‘Phidylé’ is perhaps Duparc’s greatest song, and Neven and Martineau’s wonderfully unhurried gradation was enchanting, the piano’s tranquil postlude particularly beautiful. The first half of the evening had ending with Duparc’s rarely sung duet, ‘La fuite’ (Escape), providing an opportunity for the singers to tap their operatic vein; but Neven closed the recital alone, with a sensitive rendition of the composer’s final song, ‘La vie antérieure’ (A previous life), quietly capturing Baudelaire’s yearning and nostalgia.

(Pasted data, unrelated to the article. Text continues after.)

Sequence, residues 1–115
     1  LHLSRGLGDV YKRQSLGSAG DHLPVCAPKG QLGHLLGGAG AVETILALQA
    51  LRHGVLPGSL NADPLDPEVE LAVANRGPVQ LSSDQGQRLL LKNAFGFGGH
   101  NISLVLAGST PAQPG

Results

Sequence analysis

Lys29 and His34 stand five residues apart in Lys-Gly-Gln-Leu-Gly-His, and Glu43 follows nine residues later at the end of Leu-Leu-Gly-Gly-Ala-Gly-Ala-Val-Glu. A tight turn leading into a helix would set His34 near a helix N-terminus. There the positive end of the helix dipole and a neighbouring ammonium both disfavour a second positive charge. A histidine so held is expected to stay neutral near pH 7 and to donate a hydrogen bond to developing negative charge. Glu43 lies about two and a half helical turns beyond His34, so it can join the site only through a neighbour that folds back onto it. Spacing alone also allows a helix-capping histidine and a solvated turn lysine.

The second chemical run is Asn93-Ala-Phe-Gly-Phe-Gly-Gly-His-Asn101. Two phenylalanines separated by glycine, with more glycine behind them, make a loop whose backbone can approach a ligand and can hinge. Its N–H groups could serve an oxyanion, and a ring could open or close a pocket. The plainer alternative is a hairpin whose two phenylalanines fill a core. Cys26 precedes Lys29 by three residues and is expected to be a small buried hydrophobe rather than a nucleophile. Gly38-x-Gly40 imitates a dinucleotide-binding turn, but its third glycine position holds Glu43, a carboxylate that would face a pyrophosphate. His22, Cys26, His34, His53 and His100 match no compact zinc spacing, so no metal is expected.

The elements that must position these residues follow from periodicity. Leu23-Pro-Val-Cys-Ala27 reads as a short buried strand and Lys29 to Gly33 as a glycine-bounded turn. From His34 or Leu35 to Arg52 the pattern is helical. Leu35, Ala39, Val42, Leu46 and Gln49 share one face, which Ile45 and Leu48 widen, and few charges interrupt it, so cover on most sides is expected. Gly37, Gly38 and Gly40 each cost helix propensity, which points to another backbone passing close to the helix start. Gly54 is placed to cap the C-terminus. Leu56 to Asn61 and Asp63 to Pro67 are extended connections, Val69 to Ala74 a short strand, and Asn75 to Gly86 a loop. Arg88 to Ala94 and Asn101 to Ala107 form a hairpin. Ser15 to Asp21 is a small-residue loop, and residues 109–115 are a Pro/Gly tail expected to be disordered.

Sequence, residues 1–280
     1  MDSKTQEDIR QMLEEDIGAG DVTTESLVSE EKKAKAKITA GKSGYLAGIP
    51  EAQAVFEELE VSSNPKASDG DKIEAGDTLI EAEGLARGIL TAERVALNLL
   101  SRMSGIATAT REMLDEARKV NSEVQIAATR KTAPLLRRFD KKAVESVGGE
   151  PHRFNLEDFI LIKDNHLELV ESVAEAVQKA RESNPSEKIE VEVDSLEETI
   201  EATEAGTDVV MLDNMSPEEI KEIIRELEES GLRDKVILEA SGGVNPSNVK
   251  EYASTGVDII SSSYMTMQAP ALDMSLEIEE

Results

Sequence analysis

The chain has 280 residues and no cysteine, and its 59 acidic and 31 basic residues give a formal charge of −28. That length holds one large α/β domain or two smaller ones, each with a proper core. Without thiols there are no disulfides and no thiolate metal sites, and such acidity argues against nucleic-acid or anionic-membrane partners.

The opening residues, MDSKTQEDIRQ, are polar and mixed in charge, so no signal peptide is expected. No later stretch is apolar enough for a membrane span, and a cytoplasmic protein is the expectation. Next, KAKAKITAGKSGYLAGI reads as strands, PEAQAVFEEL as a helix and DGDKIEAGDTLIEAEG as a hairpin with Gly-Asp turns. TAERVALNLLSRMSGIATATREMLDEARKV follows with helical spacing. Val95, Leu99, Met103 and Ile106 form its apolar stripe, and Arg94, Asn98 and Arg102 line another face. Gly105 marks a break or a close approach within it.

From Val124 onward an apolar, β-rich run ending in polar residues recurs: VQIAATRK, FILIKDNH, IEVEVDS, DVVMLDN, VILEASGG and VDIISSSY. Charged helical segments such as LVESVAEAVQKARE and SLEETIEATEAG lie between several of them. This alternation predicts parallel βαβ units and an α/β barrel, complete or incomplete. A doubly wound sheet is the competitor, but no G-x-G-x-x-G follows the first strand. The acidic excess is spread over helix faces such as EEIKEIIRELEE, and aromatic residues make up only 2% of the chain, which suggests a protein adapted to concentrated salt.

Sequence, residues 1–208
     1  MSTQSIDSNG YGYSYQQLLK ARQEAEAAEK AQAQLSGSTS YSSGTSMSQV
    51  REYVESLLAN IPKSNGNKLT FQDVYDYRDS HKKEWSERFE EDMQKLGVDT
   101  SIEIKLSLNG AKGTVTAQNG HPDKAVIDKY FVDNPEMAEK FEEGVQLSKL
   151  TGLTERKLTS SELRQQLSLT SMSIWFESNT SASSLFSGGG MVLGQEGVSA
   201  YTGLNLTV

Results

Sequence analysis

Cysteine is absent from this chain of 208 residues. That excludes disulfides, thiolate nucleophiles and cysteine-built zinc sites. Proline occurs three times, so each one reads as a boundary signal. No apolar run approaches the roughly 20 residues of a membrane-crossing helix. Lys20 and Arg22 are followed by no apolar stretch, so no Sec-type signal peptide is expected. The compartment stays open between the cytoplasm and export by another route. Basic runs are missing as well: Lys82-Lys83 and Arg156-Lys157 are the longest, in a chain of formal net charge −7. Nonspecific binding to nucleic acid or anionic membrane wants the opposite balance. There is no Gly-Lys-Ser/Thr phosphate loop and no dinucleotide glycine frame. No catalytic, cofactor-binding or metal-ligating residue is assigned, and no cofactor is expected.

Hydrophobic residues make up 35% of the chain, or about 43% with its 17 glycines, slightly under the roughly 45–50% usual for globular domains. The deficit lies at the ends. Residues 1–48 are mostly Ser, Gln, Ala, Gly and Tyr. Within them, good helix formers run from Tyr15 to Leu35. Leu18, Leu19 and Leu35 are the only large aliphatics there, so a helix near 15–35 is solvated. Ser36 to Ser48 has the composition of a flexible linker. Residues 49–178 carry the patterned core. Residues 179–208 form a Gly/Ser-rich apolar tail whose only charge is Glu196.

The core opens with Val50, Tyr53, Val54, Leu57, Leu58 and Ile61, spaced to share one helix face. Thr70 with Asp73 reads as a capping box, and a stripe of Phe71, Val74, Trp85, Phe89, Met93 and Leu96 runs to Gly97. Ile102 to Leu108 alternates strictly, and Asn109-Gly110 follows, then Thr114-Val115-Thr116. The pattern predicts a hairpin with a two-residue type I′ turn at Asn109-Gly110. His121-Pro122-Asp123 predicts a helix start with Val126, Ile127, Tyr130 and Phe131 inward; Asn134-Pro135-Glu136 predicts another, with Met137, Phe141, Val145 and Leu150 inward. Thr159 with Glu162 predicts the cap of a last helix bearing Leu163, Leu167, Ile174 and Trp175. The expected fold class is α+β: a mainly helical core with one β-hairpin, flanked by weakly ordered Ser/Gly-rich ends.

This was an evening of great interest and delight. The performers consummately confirmed Duparc’s own description of his songs: ‘they come from the heart and speak to the heart’.

Claire Seymour


Performers and programme:

Sarah Connolly, mezzo soprano; Hank Neven, baritone; Malcolm Martineau, piano. Wigmore Hall, London, Wednesday 23rd April 2014.

Duparc: ‘Chanson Triste’, ‘Soupir’, ‘Romance de Mignon’, ‘Sérénade’, ‘Le galop’, ‘Au pays où se fait la guerre’, ‘L’invitation au voyage’, ‘La vague et la cloche’, ‘La fuite’, ‘Élégie’, ‘Extase’, ‘Le manoir de Rosemonde’, ‘Sérénade’ florentine’, ‘Phidylé’, ‘Lamento’, ‘Testament’, ‘La vie antérieure’.